Accreditation agencies could solve NPOs’ transparency conundrum
A perceived lack of transparency and accountability is working against the non-profit sector. Self regulatory associations suggest steps to alleviate trust deficit
New Delhi: One common criticism of the not-for-profit sector is that it lacks transparency and accountability, making many donors including corporates wary of extending financial support. While a section of not-for-profits contests this claim, most are eager to adopt more efficient systems of disclosure—of internal proceedings, fund usage, progress of projects, etc.
One such group met in New Delhi on 19 July, under the aegis of GuideStar India, an agency that provides accreditation and rankings to not-for-profit organizations (NPOs).
Accreditation agencies like GuideStar and Credibility Alliance and even donation portals like Give India rank NPOs on the basis of governance data, financial health and other information that NPOs need to provide. Some even conduct a physical verification of the organizations.
Of the 3 million-plus NPOs in the country—all trusts, societies and foundations fall under this category—there are just a handful that can boast of a third-party stamp of approval. For instance, Guidestar India has 6,841 organisations registered on its portal, but only 409 are accredited. Similarly Credibility Alliance has certified around 550 organizations while Give India has accredited 150.
With NPOs coming under increasing scrutiny of the government—last month, a notice said senior executives of such organizations fall under the ambit of the Lokpal and Lokayuktas Act 2013, and are required to disclose their income and assets—the need to self-regulate has increased.
Besides, as Mala Bhandari, founder director of Social And Development Research and Action group (SADRAG), a Delhi-based not-for-profit, says: “The sector today is infested with all kinds of people and the practices adopted by them lead to a lack of trust against the sector as a whole.”
Bhandari believes that Guidestar and intermediaries like it can act as a bridge between NPOs and those who provide financial, technical and other kinds of resources to the sector.
According to Harish Vashistha, executive director of Credibility Alliance, “Transparency needs to be understood in the context of larger organizational governance and disclosure practices. Transparency is a value that can be reflected in organizational culture and practices.”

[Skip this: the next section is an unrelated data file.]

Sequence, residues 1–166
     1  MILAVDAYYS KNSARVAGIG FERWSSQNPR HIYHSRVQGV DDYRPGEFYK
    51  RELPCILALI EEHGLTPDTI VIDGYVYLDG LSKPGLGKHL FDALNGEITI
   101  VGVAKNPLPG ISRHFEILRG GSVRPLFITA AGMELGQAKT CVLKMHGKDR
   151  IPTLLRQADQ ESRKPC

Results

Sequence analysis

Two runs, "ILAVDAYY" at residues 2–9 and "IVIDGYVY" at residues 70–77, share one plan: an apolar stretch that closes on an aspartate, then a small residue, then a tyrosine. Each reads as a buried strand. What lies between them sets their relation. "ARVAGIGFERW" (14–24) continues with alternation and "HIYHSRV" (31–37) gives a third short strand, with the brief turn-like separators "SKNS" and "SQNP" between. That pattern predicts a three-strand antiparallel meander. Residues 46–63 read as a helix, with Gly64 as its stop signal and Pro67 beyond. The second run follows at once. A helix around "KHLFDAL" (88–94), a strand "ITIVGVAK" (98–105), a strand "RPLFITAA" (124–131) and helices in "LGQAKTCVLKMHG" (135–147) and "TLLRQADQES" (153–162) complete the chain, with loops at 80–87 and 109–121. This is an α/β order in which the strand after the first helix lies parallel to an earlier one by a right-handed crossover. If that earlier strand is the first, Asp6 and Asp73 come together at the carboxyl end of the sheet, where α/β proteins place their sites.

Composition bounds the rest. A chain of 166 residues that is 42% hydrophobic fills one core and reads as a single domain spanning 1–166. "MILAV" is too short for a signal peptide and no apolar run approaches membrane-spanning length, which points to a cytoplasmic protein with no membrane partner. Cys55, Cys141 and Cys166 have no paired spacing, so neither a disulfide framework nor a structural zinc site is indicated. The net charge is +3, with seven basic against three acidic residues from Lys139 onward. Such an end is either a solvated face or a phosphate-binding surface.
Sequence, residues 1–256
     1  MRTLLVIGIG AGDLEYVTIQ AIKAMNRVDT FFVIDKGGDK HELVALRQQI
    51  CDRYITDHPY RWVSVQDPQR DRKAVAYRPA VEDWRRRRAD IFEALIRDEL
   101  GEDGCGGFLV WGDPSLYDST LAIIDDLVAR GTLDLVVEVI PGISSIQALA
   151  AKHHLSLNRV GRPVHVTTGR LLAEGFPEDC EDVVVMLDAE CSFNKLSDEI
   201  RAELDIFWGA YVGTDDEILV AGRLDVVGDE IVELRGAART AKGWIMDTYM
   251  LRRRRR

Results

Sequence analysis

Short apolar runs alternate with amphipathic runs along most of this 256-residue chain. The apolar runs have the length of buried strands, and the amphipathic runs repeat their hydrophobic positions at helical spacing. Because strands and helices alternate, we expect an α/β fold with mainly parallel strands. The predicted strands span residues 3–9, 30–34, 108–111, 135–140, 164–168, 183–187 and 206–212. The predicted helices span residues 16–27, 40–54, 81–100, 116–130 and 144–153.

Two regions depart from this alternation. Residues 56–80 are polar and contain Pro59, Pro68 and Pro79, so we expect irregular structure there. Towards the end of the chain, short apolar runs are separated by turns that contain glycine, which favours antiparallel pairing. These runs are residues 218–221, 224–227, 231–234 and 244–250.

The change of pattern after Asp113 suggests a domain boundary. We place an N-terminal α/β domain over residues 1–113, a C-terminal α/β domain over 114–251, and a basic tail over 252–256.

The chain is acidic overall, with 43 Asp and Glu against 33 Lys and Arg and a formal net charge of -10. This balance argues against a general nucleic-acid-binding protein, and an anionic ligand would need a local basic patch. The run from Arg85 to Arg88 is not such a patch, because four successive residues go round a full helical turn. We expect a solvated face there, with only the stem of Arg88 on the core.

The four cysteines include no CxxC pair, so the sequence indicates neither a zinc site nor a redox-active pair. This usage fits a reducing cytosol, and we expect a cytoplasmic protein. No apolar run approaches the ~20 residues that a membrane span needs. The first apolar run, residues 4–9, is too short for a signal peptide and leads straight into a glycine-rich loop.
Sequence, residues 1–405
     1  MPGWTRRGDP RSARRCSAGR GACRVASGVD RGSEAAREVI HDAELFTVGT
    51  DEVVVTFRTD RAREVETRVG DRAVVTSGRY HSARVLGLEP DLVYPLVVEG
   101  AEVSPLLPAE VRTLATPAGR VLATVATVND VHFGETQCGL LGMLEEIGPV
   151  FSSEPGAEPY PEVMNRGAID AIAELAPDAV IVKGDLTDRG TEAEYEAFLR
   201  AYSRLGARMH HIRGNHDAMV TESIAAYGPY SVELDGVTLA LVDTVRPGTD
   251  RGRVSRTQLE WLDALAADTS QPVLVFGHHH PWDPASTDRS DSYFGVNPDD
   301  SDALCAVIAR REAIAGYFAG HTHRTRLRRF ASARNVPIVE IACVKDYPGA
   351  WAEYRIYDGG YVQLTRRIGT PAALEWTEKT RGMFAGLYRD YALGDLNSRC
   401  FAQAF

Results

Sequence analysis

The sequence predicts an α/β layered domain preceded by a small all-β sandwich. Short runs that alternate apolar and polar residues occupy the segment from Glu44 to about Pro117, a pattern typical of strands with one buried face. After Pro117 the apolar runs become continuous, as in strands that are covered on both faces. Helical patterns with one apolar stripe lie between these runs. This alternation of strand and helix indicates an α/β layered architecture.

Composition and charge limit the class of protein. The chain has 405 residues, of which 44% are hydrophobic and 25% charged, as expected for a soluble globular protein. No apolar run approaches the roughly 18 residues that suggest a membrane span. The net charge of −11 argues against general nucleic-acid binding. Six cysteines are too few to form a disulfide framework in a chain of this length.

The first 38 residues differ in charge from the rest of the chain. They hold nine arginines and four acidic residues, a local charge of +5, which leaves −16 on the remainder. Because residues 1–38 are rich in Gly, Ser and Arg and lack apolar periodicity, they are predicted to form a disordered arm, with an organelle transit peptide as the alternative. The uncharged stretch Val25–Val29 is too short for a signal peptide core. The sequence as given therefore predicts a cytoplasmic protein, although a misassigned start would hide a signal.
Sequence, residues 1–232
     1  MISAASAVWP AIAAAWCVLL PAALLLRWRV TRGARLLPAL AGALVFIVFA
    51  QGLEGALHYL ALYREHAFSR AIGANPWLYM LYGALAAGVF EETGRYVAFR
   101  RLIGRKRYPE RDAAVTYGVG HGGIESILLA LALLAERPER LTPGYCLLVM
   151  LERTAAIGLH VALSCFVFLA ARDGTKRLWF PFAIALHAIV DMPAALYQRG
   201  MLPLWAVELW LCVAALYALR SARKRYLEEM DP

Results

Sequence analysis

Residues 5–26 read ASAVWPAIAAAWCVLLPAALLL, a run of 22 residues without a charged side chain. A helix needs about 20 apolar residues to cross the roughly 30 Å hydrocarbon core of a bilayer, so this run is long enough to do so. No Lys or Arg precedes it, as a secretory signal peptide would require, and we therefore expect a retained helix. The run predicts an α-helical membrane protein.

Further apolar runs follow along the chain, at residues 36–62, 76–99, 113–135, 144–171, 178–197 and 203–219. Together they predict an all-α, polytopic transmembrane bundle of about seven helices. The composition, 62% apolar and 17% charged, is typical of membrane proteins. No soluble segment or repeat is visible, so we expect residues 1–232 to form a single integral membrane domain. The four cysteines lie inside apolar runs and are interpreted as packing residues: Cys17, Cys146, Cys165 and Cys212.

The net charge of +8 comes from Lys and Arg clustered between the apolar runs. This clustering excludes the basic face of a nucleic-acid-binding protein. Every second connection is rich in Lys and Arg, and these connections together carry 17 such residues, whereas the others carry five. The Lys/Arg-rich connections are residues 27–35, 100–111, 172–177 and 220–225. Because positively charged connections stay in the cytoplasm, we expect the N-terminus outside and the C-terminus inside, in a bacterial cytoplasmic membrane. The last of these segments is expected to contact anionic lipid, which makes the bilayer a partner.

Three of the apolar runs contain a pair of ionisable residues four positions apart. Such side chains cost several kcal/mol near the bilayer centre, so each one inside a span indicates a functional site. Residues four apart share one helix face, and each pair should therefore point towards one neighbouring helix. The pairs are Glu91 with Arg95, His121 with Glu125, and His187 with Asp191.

He adds that NPOs are diverse in nature, form and function and can only be considered credible if they uphold the “three pillars of an effective organization—governance, accountability and transparency”.
He suggests developing systems using information technology, improving communication with stakeholders and developing communication products suited to the needs of different stakeholders, strengthening documentation and dissemination processes and redesigning/re-engineering the organization to remain relevant to the changing context.
Pushpa Aman Singh, CEO of Guidestar, also emphasizes the need for self-disclosure. She says NPOs can use their web presence, financial statements and annual reports as tools to demonstrate transparency.
“We have seen instances where a compelling case for support is declined in the end due to qualifications in the audit report or non-compliance with statutory requirements,” she says, explaining why an NPO that may be doing good work on the ground does not receive funding.
Sanghamitra Bose, founder trustee and CEO of Sshrishti India Trust, a not-for-profit focused on working with underprivileged children, believes accreditation by organizations like GuideStar India and Credibility Alliance helps attract donors. “We do mention the accreditations when we send out proposals to prospective funders and it has some positive effect, though it is difficult to measure. However, some individual donors have come our way because of the listing on a particular portal,” says Bose.
She adds that the processes to acquire the accreditations also help “strengthen our internal processes”.
Independent bodies are essential, believes Bhandari, because they “scan, monitor and test an NGO (non-governmental organization) on the basis of standard guidelines that reflect the actual handling of funds, legal aspects and follow-up on mandatory administrative and management guidelines. As a result, the NGOs definitely earn an improved image and they become credible organizations within the legal and statutory framework”.
Bhandari adds a caveat: “Multiplicity of intermediaries and multiple due diligence processes that an NGO has to undergo can be time consuming. We would like this system to align with the government’s system of accrediting NGOs for the sake of uniformity and permanence.”
Rohit Shipstone, from India@75, a CII initiative that seeks to bring together stakeholders from industry, government and not-for-profits, believes that with speculation rife that government accreditation of NPOs is on the cards, efforts at self-regulation and accreditation should dovetail with the government’s efforts.
Shipstone adds that fragmented efforts cannot reach scale. “Through the huge efforts of organizations like Guidestar and other agencies we have a certain degree of transparency for organizations registered with them. But going forward these efforts should dovetail into a recognized accreditation which everyone can follow.”
According to him, when donors or corporate organizations give money, they prefer to conduct their own due diligence. “No amount of accreditation from independent agencies can override that till a common government-recognized standard can emerge... Till the government comes up with a standardized system, of which these initiatives can be a part, it will be tough to get NGOs accredited at scale.”
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